If you have ever had a fender bender, you may have had the experience of going through the other driver's insurance company to pursue compensation for your financial losses. Most of the time, car accident claims that involve only property damage progress relatively straightforwardly.
On the other hand, car accidents that involve injury may prove much more difficult to navigate successfully in a way that will allow you to recover reasonable compensation for all the financial losses you may have faced.
Step One: The Police Report
Immediately after the accident, you may need to file a police report that will help provide vital evidence about when and where the accident occurred and the parties involved.
A police report serves as an essential part of an accident claim.
While you can file a car insurance claim without a police report, a police report can help provide a solid basis for your claim, including an officer's estimation of what likely caused the accident.
Before you file a car accident claim, you may want to obtain a copy of the police report. Ensure that the police report accurately reflects what led to the accident and where and when it occurred.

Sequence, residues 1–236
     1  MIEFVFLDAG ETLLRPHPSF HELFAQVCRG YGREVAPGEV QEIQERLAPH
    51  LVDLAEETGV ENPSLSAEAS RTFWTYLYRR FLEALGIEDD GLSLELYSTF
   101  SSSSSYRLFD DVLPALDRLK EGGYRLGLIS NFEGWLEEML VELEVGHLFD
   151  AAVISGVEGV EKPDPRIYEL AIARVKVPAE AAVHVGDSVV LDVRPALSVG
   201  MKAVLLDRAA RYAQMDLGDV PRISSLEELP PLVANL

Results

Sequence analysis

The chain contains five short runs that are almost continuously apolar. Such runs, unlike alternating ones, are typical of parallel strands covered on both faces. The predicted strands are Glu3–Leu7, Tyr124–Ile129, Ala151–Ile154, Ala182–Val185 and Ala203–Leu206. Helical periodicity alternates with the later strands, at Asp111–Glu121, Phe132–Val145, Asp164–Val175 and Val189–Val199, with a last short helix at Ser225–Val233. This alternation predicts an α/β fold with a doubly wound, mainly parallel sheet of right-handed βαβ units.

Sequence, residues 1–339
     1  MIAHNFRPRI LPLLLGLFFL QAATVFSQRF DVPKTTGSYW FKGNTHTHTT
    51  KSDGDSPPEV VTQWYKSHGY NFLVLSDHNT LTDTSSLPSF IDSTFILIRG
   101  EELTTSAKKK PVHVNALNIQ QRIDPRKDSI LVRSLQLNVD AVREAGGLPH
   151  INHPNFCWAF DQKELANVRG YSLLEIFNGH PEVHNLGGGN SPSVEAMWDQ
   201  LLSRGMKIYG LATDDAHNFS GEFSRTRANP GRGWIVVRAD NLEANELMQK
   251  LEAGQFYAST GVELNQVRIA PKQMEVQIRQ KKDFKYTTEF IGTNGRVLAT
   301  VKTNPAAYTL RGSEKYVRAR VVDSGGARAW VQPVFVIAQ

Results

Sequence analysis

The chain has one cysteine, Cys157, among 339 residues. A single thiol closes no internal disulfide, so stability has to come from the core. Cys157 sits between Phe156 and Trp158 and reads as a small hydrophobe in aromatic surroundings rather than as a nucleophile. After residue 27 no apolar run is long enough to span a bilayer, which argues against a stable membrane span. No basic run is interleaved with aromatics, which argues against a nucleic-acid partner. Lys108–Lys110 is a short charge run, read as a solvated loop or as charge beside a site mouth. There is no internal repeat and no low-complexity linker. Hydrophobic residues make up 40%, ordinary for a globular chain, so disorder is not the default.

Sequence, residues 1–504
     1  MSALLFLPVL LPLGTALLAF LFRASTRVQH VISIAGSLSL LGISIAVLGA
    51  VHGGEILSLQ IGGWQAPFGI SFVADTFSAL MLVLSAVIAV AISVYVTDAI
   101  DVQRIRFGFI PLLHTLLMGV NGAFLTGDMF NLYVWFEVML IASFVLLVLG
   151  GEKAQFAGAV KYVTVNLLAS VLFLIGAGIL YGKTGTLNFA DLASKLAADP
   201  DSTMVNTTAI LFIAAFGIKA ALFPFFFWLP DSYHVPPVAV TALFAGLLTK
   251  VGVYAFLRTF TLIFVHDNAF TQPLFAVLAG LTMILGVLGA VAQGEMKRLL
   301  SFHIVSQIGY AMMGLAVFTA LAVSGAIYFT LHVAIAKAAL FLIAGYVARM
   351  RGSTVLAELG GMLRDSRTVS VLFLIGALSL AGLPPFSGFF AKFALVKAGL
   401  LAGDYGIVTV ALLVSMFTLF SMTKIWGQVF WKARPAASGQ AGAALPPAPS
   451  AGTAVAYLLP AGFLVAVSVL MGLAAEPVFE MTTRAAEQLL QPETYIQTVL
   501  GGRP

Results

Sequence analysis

Step Two: Reporting the Accident to the Insurance Company
To receive compensation through an insurance claim, you must report your accident to the insurance company. You may need to contact your insurance company and the liable driver's insurance company following a car accident. Some insurance companies may have clauses in their policies that require you to report the accident.
In other cases, you may choose to report the accident to your insurance company so that you can use your insurance to cover part of the accident, including:
- PIP insurance to help cover the immediate cost of your injuries
- Uninsured motorist coverage, when the motorist that hits you does not carry insurance
- Collision coverage, when you caused the accident
You may also choose to use your insurance company, in some cases, to help streamline the repair process and get your vehicle up and running sooner. In some cases, your insurance company will pay out compensation for your accident shortly after the accident, then seek compensation for the liable driver's insurance. You may have to pay any deductible amounts before your insurance coverage kicks in.